In most cases, the amount of rent paid on an apartment is not eligible for a tax deduction, in contrast to the mortgage interest paid by homeowners. If, on the other hand, you operate a home-based company from your apartment, you may be eligible to deduct a portion of the rent from your earnings in the business. To be eligible to deduct the expenses of renting a space for your company, you will need to meet a number of conditions first.
On the Schedule C of your Form 1040, you have the option to deduct the rent for the portion of your apartment that you use as a home office or as rented space.
Qualifying for Home Office Deduction
If you conduct your company out of your apartment, you may be eligible to take a deduction for a portion of your monthly rent. It is essential that the office have a distinct location that is routinely and only used for business purposes. This criteria may be met if the space is utilised in any one of the following ways: as a place where you meet with clients; as a place to store product samples or inventory; or as a place that is used as a childcare facility. It is also possible for it to fulfil the essential conditions for a business space if your company operates as a distinct organisation and sublets the space from you, or if you rent or sublet the space to visitors for more than 14 days per year.
Using the Regular Method
The size of the dedicated area is directly related to the amount of the rent deduction that may be taken. When determining how much of your rent should be deducted, you have the option of using either the standard technique or the simplified way. In order to use the normal approach, you are required to maintain precise records that demonstrate the real costs you incurred in relation to the deductible area. In order to use this strategy, you will need to split the overall size of the flat by the area of the deductible space. After that, the deduction factor that was determined is applied to your rent and any other costs that you have, such as your utility bills.
For instance, if your apartment is 1,600 square feet and you dedicate 400 square feet to your company, the percentage of your flat’s square footage that you may deduct from your rent is 400/1600, which is equal to 25 percent. If your rent is $3,000 per month, the yearly deduction for rent would be 0.25 times $3,000 times 12, which would be $9,000. To determine the total amount that you are eligible to deduct for the year, you will need to apply the same calculation on the other expenditures that are shared with the rest of the flat, such as your energy bill.
Using the Simplified Method
You may use the simple way to rapidly compute your home office deduction if you’d rather not keep the extensive records that are necessary for the normal technique. This option is available to you even if you choose to utilise the regular method. In order to calculate your yearly home office deduction using this approach, you will need to multiply the total number of square feet occupied by the company space (up to a maximum of 300 square feet) by the rate of $5 per square foot. This strategy allows for a maximum yearly deduction of $1,500, which includes a write-off for any and all costs associated with operating a home office.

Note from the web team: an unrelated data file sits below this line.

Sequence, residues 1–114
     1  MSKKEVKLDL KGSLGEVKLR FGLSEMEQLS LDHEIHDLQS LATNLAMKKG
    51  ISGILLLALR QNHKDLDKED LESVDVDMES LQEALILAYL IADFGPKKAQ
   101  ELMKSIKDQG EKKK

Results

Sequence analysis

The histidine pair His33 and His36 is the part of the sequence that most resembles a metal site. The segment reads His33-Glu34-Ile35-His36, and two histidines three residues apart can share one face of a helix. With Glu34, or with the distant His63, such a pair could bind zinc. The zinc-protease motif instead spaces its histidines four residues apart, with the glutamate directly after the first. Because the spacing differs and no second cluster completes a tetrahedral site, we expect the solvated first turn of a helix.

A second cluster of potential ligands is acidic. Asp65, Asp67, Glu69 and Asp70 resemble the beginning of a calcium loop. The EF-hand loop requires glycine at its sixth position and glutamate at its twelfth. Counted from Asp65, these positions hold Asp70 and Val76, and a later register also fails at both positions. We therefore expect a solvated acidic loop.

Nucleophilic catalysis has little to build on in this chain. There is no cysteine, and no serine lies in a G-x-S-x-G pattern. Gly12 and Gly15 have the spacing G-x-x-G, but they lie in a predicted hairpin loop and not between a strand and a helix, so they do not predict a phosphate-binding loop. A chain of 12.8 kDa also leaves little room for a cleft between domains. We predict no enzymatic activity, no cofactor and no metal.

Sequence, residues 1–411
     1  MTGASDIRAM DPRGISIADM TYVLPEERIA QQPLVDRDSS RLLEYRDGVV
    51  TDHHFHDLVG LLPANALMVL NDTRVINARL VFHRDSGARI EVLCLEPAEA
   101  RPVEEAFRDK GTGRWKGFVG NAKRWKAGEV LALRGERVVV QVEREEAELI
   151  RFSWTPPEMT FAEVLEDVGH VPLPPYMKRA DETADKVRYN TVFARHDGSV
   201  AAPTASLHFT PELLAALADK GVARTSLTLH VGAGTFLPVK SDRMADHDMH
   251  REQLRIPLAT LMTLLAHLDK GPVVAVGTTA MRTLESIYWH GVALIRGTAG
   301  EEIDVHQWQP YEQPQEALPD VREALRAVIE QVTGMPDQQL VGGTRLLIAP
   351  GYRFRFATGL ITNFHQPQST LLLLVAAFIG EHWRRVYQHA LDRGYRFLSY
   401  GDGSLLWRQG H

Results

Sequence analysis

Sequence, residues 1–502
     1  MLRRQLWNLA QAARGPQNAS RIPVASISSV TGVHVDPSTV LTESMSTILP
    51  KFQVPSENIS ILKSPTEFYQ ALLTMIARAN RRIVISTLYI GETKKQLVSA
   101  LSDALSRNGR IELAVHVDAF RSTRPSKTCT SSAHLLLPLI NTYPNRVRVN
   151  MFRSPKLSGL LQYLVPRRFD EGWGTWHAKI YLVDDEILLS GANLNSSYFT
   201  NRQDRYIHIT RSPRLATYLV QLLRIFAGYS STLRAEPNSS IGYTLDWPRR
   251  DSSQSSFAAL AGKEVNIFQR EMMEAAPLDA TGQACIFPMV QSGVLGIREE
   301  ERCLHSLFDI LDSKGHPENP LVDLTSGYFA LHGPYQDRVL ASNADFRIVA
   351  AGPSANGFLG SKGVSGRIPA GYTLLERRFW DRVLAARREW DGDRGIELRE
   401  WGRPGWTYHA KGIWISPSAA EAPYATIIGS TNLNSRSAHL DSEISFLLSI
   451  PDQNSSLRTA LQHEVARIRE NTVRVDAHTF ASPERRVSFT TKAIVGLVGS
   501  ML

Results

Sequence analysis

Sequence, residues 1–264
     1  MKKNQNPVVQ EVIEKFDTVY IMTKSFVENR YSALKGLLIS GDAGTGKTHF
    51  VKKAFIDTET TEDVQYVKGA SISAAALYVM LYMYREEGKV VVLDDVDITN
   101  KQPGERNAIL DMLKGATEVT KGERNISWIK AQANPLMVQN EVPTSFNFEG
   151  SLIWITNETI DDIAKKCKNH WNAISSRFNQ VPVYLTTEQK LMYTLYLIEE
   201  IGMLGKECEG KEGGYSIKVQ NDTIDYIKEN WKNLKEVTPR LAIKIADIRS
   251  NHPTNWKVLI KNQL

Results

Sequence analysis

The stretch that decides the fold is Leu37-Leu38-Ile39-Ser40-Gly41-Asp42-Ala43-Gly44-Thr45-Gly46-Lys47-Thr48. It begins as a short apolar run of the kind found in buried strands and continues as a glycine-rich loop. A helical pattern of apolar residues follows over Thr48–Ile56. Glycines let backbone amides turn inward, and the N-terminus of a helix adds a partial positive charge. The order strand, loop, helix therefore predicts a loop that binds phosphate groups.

Operating a Rental Business
The so-called “gig economy” has resulted in the proliferation of house rental platforms such as Airbnb, FlipKey, and VRBO, amongst others. If you pay taxes on the money you make by renting out a portion of your apartment to others, then you are required to be able to deduct all of the necessary and customary expenditures associated with running a rental company out of your flat. If you rent out space for more than 14 days per year, the Internal Revenue Service (IRS) compels you to pay these taxes. It is essential that you maintain detailed records in the event that the IRS asks you to justify your expenditures. To be more specific, you need to provide evidence of the total number of days in a year that the space is rented out since you may only deduct costs associated with those days.
San Francisco Sublet Rules
You are required to collect a 14 percent Transient Occupancy Tax in San Francisco, and you are not allowed to rent out your apartment for more than 90 days a year if you are not there during the rental days (hosted rentals are exempt from this restriction). Hosted rentals are not prohibited. If you make more than $40,000 yearly from subletting, you are required to get a certificate to collect taxes from the Treasurer and Tax Collector. Additionally, you are required to pay your taxes monthly rather than annually. Inquire with the local government about any and all legal requirements that may apply, such as those pertaining to registration, permits, insurance, maximum rent, and informing the apartment’s landlord about your subletting business.
Deducting Subletted Rental Expenses
You would increase your deduction factor by a time factor if, for example, you rented out your extra bedroom for 45 days out of the year. If your deduction factor is 25%, increase that number by 45/365, which is 12.33 percent, to get the total factor, which is 3.08 percent. Your rental deduction is 3.08 percent of the total amount, which in this case would be $1108.80 given that your yearly rent is $36,000. You would use the same overall factor when calculating the cost of shared bills like insurance and utilities. Your rental revenue will be reduced by the total amount of any direct expenditures, such as the cost of providing visitors with meals.